Transcript: Hearing Q&A with Rep. Robert Pittenger (R-N.C.) & FHFA Director Edward DeMarco on government conservatorship of Fannie Mae & Freddie Mac

Edited by Jenny Jiang

Partial transcript of Q&A with Rep. Robert Pittenger (R-N.C.) and Edward DeMarco, Acting Director of the Federal Housing Finance Agency, on the FHFA’s conservatorship of Fannie Mae and Freddie Mac. The House Committee on Financial Services Hearing was held on March 19, 2013:

Rep. Robert Pittenger (R-N.C.):
…You recently noted that the administration’s failure to provide a detailed plan about how to wind down the GSEs has made it harder to support the housing market and stabilize Fannie and Freddie. Given that the administration has not provided leadership of winding down the GSEs, what steps have you taken as FHFA’s Director to prepare the GSEs for post-conservatorship housing market? Is there more that can be done? Or is the winding down of the GSEs require some guidance from the administration?

Edward DeMarco:
Well, ultimately, bringing the conservatorship to an end, which is the ultimate wind-down, is going to require actually action by the Congress of the United States.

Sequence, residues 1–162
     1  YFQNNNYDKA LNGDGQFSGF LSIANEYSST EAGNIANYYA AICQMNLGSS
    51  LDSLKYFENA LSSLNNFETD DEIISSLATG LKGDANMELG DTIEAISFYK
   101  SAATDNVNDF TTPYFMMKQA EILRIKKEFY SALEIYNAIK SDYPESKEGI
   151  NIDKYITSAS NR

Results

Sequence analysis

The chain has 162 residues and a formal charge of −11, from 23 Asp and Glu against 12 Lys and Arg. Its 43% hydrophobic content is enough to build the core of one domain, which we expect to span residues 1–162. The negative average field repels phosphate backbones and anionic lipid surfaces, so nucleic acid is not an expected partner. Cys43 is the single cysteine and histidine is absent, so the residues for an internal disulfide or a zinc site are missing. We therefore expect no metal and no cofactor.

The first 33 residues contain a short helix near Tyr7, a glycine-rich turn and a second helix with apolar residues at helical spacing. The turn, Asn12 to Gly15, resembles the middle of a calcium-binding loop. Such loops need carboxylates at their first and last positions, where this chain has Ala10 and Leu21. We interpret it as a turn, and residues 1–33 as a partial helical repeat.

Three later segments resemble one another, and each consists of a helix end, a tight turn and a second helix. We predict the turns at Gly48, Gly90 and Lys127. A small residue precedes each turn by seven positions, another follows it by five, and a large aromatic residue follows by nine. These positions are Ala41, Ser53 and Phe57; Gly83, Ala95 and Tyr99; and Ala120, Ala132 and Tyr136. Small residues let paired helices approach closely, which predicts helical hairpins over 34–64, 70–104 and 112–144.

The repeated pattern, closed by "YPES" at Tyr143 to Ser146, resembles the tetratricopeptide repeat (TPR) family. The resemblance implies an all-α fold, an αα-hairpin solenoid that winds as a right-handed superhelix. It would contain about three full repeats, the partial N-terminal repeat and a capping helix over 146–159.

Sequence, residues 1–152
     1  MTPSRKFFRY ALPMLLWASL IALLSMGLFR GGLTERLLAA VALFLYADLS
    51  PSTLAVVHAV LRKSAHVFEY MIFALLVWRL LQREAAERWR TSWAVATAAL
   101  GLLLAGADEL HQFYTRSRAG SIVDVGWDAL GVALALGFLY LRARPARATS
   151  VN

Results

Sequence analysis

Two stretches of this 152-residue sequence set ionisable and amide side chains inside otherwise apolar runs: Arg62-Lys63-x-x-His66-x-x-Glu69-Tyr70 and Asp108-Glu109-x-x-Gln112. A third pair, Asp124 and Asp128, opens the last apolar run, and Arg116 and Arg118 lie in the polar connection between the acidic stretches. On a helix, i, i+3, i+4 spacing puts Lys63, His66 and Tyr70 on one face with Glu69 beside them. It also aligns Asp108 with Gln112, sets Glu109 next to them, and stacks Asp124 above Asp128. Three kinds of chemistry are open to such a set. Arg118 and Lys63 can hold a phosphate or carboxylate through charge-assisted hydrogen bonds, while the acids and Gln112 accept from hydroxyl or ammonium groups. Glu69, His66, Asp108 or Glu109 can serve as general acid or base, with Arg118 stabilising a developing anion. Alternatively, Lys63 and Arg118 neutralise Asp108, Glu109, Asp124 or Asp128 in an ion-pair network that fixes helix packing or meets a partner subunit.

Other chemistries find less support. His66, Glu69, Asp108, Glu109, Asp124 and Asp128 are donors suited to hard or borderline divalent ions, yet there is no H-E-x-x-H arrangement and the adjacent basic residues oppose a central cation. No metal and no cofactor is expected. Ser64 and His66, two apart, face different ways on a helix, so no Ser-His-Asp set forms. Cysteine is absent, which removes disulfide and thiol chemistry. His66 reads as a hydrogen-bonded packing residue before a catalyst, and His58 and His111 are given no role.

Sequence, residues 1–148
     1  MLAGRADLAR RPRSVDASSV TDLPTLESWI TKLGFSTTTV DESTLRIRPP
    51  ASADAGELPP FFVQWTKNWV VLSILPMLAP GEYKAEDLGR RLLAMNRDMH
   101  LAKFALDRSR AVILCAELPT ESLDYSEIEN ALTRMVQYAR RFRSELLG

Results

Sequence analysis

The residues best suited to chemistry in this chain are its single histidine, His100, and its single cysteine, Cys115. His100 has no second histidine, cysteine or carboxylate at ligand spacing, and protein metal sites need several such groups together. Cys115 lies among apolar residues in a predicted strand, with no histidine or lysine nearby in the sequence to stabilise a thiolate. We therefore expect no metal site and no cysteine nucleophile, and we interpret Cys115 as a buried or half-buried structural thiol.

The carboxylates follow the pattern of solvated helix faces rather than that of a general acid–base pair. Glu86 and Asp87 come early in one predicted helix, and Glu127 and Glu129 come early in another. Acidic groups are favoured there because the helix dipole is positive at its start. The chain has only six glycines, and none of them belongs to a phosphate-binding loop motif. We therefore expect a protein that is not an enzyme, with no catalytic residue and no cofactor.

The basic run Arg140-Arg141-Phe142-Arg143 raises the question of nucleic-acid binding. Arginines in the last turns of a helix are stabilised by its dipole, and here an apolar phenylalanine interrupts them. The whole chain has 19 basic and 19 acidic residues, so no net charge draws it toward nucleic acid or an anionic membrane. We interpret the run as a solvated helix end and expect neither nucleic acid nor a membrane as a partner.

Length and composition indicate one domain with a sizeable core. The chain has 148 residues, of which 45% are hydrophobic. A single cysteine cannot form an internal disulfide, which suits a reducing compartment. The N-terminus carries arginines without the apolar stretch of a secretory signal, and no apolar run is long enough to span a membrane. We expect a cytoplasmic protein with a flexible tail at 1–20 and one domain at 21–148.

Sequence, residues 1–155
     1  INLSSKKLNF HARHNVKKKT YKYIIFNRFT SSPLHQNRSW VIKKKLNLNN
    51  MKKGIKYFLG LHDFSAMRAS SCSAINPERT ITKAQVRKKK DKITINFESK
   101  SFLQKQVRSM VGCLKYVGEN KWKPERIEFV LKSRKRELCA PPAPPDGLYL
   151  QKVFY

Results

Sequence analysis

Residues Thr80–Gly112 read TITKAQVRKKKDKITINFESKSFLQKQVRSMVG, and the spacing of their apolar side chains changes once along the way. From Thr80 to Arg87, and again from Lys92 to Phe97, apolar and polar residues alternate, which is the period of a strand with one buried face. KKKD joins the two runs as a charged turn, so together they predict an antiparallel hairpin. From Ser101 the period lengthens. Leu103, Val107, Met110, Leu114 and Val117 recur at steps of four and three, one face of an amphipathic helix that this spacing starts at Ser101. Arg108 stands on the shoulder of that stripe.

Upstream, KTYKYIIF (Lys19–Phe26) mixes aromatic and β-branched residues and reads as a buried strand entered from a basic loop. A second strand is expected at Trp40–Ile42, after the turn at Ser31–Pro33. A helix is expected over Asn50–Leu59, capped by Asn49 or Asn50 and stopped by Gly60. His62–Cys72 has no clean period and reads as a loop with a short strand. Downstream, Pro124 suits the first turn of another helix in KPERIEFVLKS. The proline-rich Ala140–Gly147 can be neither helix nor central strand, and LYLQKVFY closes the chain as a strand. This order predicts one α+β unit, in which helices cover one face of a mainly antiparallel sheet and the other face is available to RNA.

In the meantime, we are taking steps to gradually contract the enterprises’ footprint in the marketplace. We’re raising guarantee fees. We’re now starting to sell single-family mortgage credit risks. We’re shrinking the overall size of the multi-family book. We’re selling assets at an accelerated rate.

I will say about the administration. I mean, I obviously have an important relationship with the administration. They are the senior shareholder – the Treasury Department’s the senior shareholder with Fannie and Freddie. And I consult with them a lot on these things and I believe, I mean, the administration needs to speak to itself with regard to the specifics of what I’ve laid out. But I believe I’ve got a good relationship with the administration in talking through these issues and in indicating to them the direction that I, as conservator and regulator, I believe that’s useful to go, and I benefit from the feedback I get from them.

Rep. Robert Pittenger (R-N.C.):
So you feel you’ve been adequately directed?

Edward DeMarco:
Well, I feel like I have a good working relationship and good consultation, and I know where we agree and where we disagree. What I would say I need most is – to bring these conservatorship to an end, I need both the Congress and the administration to agree on a legislative path that defines the role of the government in the mortgage market going forward so we can know where we are actually building towards as we build for the future.

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